Auditor Raps SD Police Licensing Unit

Approximately $300,000 worth of fines and penalties went unassessed for Permits & Licensing Unit

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    NEWSLETTERS

    TK
    Eric S. Page

    In the wake of civilian staff cuts at the San Diego Police Department, the performance of the department's Permits & Licensing Unit has taken a turn for the worse, according to the city auditor's office.

    In a just-issued report to the City Council's Audit Committee, Auditor Eduardo Luna says approximately $300,000 worth of fines and penalties went unassessed over a three-year period.

    Some required background checks weren't made before permits were issued.

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    Approximately $300,000 worth of fines and penalties went unassessed for Permits & Licensing Unit.

    Businesses were allowed to operate without permits -- in three cases, for longer than  18 months.

    And, the unit “is having difficulty” maintaining records of money collected.

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    "Opportunities exist to improve internal controls, departmental practices and policies for regulating vice activities," Luna said in his report.

    San Diego police license and regulate 33 different industries, from small strip clubs to big nightclubs.

    From gun dealerships and security alarm systems to swap meets, pawn shops and a variety of other businesses.

    Some 4,200 permits and licenses, a small fraction of the total, require inspections and/or background checks.

    The job used to be done by 10 civilian staffers, with help from vice detectives.

    But city budget cuts in fiscal 2009-2010 eliminated those positions, with five uniformed officers taking over from scratch.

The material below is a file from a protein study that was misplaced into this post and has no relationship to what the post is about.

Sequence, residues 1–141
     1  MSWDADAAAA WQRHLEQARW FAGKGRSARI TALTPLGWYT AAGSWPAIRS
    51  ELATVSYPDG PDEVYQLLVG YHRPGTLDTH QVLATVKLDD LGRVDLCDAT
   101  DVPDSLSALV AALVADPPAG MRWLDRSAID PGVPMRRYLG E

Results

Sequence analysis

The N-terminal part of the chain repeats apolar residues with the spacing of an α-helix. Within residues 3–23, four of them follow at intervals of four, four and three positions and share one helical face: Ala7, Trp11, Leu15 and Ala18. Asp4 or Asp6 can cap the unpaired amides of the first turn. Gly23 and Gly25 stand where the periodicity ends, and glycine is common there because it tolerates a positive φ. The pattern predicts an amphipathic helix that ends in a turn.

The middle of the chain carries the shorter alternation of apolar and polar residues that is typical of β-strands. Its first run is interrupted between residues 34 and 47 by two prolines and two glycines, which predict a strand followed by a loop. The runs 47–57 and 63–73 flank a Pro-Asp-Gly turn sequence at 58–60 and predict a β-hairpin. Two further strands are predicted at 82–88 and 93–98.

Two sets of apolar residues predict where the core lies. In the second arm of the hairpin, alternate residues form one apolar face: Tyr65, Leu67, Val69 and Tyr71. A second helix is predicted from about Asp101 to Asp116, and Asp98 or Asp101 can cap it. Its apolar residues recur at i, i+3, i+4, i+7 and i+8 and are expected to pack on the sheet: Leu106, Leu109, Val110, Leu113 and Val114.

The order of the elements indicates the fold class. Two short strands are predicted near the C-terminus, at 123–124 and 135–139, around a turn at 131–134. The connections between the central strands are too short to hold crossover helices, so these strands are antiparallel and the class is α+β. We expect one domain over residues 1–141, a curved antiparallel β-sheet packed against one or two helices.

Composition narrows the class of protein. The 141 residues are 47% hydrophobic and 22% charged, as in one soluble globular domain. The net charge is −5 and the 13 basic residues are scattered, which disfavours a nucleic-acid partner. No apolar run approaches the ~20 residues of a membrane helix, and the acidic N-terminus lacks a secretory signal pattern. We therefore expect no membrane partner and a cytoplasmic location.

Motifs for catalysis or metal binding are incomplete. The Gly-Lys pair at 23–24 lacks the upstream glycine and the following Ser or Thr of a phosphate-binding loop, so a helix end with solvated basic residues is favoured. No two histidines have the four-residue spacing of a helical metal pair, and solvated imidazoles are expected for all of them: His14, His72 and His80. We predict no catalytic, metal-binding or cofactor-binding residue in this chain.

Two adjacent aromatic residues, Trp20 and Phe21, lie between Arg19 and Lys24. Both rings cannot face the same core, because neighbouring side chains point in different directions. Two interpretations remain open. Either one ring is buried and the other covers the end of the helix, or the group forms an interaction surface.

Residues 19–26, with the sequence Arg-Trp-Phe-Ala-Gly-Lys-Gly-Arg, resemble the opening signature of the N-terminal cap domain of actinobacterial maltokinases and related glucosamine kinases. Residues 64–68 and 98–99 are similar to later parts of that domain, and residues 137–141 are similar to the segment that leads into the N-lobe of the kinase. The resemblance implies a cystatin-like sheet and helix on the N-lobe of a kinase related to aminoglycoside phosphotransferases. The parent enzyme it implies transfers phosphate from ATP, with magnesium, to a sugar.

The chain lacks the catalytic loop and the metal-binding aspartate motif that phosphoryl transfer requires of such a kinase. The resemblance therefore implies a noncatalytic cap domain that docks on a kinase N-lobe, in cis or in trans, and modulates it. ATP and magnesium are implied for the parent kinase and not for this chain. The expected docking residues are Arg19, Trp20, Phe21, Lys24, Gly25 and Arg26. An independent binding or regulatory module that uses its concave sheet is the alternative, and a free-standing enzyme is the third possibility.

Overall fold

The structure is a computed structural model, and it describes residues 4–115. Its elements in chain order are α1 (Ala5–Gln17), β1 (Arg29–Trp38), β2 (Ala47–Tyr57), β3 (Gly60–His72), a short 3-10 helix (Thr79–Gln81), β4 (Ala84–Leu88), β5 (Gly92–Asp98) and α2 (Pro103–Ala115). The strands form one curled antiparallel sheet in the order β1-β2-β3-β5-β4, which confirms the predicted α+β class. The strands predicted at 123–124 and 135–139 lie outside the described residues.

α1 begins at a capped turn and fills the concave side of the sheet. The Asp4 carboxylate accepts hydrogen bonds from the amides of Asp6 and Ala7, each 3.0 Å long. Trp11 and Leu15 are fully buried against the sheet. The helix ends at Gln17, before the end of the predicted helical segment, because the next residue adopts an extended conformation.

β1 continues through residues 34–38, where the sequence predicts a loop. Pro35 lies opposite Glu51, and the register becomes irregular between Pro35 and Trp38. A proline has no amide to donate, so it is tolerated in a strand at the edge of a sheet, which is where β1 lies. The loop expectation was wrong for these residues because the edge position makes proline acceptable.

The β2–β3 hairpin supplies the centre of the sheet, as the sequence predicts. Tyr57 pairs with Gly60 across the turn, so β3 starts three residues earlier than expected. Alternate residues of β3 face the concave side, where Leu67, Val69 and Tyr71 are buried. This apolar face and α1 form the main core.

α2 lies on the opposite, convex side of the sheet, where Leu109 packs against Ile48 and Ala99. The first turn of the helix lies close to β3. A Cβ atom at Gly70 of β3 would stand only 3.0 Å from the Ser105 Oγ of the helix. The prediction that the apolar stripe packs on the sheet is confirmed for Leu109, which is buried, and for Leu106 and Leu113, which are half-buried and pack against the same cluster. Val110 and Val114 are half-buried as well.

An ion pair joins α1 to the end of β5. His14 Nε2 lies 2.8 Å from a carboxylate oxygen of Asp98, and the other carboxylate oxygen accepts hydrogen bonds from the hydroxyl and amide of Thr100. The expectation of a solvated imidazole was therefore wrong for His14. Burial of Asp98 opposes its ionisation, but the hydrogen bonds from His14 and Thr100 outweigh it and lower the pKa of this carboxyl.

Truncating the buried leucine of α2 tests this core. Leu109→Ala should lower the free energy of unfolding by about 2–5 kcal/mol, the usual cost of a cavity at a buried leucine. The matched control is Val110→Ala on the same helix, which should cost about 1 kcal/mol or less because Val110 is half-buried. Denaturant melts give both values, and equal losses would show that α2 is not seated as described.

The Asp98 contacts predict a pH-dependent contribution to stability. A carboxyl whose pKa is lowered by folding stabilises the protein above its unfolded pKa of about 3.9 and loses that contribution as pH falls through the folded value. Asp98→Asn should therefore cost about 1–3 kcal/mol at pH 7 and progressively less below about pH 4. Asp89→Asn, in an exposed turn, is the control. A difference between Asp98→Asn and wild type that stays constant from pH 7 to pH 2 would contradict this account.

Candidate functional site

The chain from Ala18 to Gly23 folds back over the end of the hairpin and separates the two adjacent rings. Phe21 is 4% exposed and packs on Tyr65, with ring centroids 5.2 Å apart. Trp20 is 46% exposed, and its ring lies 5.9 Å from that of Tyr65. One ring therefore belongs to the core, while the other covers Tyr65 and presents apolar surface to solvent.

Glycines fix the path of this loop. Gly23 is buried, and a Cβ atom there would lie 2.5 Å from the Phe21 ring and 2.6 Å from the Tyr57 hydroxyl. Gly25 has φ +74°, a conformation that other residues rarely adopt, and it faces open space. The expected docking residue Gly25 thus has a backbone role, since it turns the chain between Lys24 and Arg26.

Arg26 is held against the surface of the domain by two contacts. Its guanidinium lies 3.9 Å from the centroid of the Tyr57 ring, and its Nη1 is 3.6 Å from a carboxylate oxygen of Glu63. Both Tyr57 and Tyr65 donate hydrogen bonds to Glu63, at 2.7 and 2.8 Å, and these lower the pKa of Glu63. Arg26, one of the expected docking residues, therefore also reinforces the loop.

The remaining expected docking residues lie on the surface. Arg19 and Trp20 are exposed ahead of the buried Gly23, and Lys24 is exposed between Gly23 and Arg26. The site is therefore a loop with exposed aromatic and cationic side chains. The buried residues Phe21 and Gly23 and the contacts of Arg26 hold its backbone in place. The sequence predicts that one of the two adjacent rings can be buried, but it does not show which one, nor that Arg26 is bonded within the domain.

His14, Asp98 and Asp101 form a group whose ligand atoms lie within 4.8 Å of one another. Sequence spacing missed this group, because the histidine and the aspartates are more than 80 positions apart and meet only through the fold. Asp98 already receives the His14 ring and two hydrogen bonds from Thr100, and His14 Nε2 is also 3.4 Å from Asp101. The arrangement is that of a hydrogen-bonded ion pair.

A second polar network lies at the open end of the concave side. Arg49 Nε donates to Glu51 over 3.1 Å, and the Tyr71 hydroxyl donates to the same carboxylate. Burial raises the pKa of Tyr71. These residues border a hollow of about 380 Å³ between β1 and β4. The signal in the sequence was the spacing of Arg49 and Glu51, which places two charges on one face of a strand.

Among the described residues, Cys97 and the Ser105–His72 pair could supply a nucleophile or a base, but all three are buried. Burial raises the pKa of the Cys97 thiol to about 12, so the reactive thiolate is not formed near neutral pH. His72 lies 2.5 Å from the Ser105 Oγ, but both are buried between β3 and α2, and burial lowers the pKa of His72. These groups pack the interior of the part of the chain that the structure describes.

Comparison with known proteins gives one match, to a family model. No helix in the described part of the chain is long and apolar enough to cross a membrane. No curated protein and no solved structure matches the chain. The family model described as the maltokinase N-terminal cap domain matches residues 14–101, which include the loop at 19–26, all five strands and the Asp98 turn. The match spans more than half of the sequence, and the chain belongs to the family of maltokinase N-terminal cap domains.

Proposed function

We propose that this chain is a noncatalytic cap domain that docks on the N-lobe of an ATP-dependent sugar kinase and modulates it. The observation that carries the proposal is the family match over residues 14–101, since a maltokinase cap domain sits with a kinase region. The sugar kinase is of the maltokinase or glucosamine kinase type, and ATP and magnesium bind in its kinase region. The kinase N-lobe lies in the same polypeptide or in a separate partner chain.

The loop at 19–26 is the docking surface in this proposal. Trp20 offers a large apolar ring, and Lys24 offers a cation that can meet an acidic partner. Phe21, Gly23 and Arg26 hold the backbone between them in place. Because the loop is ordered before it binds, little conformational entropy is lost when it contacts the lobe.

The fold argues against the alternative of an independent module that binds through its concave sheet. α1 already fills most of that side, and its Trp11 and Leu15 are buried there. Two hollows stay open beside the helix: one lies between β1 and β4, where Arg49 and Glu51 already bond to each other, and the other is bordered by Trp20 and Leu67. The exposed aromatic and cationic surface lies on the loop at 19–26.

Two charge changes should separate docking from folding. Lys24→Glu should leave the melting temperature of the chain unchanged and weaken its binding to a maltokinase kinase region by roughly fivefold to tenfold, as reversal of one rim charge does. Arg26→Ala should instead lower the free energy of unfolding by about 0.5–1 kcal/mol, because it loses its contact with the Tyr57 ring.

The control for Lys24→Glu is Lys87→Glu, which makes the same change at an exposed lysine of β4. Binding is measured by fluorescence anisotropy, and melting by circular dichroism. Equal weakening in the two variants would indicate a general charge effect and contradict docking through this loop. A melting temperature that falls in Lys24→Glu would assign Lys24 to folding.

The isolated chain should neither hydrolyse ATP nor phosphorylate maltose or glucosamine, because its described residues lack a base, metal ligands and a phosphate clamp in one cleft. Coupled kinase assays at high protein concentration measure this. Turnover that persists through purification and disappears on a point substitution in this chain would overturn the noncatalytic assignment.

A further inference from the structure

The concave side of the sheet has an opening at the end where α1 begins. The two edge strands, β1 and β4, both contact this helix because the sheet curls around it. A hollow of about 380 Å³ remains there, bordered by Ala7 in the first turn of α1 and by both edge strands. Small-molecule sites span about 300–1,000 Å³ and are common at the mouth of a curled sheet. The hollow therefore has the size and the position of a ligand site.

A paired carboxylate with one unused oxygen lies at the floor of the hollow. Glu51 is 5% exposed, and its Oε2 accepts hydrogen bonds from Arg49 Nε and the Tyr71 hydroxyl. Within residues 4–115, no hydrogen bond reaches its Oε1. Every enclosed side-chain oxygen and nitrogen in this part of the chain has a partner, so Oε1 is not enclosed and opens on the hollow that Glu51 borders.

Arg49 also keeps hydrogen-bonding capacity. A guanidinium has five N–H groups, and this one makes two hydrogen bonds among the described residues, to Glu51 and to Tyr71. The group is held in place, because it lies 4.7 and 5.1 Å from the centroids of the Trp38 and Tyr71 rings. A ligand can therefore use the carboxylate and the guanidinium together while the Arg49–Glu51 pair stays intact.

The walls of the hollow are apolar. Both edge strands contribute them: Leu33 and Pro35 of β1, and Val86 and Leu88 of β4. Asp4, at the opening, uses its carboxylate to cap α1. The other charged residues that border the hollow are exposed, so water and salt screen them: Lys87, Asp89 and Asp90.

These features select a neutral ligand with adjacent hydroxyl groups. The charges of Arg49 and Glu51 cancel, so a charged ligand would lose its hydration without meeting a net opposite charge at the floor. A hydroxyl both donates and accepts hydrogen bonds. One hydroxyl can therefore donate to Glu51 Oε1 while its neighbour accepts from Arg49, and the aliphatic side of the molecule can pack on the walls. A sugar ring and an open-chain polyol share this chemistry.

The department's priority at the time was to retain as many sworn personnel as possible, and the Permits & Licensing officers have been on call for emergencies -- most recently serving during the Sept. 8th regional power outage and Occupy San Diego events that began Oct. 7th.
     
    That arrangement apparently hasn't worked too well.

    The auditor's office recommends 15 operational and administrative changes -- for example, reassigning the processing of paperwork and collection of license and permit fees, fines and penalties.

    "Those typical tasks, you don't readily see in a police department," said Asst. City Auditor Chris Constantin, in an interview Thursday.  "Those tasks can be moved over to a department that's an expert in that field, and that's the office of the city treasurer."

    Police brass generally agree with the recommendations.

    "You know, the bottom line is," said Lt. Chuck Kaye, who heads SDPD's Vice Unit, "we worked with the auditor's office; we had them in the office.  We worked together to identify some of the operational issues.  We've made corrections."

    The audit report says more corrections are needed.

    It appears that certain decisions will have made by the mayor's office.

    And, that there will be input from the City Council.

    "We've got to make sure we're getting value," says Councilman Kevin Faulconer, who chairs the Audit Committee.  "And as you look at which jobs that are performed by civilians as opposed to uniformed officers, you want to make sure you're getting the most bang for your buck on that."

    The auditor's office also says the city should consider regulating key duplicators, as is done in Los Angeles, and security system dealers, as is done in Seattle.

    In San Diego over a 3-year-period, false alarms involving the clients of one dealer alone ran up about $1 million in police response time costs.